More wives, more problems - New study links polygamy with higher rate of heart disease

The study was conducted by monitoring the healths of 687 married men who were treated for health ailments at five hospitals in Saudi Arabia and the United Arab Emirates.

Sister-wives Valerie (L) and Vicki serve breakfast to their children in their polygamous house in Herriman, Utah (photo credit: REUTERS)
Sister-wives Valerie (L) and Vicki serve breakfast to their children in their polygamous house in Herriman, Utah
(photo credit: REUTERS)
A new study by cardiologists in the Persian Gulf region indicates that polygamy increases the risk of heart disease for men.
The results of the study, which were announced at a health conference held over the weekend in Abu Dhabi, said that men who have at least four wives were more vulnerable to cardiovascular defects.
 "There is evidence that married people have better overall health and longevity but until now no study has assessed the effect of polygamy on cardiovascular health,” said Dr. Amin Daoulah, a cardiologist at the King Faisal Specialist Hospital and Research Center in Jeddah, Saudi Arabia. “Men who practice polygamy have up to four concurrent wives who can reside in the same or different regions but do not normally reside in the same house. Polygamy is practiced mainly in North and West Africa, the Middle East, Central Asia and Southeast Asia."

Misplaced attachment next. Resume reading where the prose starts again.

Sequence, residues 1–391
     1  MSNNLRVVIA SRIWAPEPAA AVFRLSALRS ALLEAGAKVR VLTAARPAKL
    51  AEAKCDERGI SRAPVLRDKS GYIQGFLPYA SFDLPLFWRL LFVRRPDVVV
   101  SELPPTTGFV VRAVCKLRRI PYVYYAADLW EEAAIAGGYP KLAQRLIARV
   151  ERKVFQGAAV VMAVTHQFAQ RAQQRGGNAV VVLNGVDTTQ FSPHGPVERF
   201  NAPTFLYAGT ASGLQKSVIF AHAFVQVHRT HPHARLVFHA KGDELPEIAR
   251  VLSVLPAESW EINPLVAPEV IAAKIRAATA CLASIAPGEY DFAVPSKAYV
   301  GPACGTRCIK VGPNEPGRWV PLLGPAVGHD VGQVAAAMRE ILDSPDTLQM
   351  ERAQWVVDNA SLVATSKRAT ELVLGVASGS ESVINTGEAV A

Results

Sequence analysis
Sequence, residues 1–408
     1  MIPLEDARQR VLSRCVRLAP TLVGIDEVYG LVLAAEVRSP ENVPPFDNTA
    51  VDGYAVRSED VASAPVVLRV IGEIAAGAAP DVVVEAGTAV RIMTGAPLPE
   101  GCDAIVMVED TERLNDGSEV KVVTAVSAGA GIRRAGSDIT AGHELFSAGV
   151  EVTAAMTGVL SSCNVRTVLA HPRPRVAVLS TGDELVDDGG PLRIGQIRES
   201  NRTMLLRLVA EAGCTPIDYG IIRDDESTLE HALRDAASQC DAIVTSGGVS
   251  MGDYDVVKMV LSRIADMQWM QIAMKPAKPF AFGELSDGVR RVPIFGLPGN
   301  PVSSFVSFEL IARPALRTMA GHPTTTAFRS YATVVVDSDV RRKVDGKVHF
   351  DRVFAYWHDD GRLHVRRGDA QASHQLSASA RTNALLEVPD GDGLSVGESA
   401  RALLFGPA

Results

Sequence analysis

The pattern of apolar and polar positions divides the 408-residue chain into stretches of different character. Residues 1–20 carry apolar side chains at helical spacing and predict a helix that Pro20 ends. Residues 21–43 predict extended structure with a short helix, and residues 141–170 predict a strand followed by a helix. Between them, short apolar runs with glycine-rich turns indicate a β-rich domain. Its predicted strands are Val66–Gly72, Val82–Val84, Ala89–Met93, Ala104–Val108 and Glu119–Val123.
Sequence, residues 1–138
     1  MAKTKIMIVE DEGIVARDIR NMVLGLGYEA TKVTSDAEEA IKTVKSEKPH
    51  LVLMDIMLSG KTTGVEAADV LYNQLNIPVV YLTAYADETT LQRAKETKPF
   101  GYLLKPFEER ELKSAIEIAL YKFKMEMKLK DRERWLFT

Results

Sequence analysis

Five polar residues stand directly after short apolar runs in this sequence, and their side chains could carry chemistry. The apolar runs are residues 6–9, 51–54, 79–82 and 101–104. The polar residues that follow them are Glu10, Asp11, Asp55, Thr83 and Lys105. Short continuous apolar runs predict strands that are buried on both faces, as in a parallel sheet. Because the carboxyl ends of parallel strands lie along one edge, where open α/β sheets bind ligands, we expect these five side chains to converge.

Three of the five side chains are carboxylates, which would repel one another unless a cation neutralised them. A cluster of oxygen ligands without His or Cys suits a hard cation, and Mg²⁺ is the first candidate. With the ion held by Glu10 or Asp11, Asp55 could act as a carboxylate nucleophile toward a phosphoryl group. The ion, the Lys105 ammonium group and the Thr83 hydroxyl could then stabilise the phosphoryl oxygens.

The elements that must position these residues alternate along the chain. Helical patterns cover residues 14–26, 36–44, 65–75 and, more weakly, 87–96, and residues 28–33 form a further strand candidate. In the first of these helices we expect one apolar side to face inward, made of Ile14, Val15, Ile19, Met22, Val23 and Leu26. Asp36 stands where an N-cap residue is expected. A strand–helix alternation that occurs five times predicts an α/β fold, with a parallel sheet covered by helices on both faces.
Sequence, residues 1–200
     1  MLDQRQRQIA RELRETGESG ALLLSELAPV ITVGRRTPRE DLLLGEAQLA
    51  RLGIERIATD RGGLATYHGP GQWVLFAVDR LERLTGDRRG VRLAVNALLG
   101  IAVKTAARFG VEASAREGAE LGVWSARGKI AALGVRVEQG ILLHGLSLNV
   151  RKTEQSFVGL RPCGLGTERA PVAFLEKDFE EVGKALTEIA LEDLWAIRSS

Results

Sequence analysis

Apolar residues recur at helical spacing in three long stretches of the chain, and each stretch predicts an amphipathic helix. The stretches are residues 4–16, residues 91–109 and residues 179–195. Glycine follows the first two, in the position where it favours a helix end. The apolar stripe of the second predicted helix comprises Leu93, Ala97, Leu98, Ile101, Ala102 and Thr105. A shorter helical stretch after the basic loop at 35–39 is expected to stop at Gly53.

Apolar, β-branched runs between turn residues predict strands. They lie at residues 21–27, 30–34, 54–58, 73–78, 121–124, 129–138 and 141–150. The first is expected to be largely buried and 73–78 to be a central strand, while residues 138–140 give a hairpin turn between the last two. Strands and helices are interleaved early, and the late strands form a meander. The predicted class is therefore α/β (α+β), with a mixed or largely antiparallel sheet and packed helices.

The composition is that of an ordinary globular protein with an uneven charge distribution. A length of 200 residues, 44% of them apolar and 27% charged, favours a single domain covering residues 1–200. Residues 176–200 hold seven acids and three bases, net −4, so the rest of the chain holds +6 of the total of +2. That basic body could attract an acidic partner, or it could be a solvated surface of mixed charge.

The study was conducted by monitoring the healths of 687 married men who were treated for health ailments at five hospitals in Saudi Arabia and the United Arab Emirates.
Of those men studied, 56 percent had diabetes, 57% suffered from high blood pressure, and 45% had a history of coronary artery disease.
“There were significant baseline differences according to the number of wives,” the study said. “Men with more than one wife were more likely to be older, live in a rural area, have a higher income and have a history of coronary artery bypass grafting (CABG).”
  
"We found an association between an increasing number of wives and the severity and number of coronary blockages,” said Daoulah. “This could be because the need to provide and maintain separate households multiplies the financial burden and emotional expense. Each household must be treated fairly and equally, and it seems likely that the stress of doing that for several spouses and possibly several families of children is considerable."
Nonetheless, the authors of the study caution that it is premature to state with certainty that polygamy was a root cause of heart disease, since other factors like nutritional habits, levels of intimacy, and the amount of physical exercise done were not taken into account.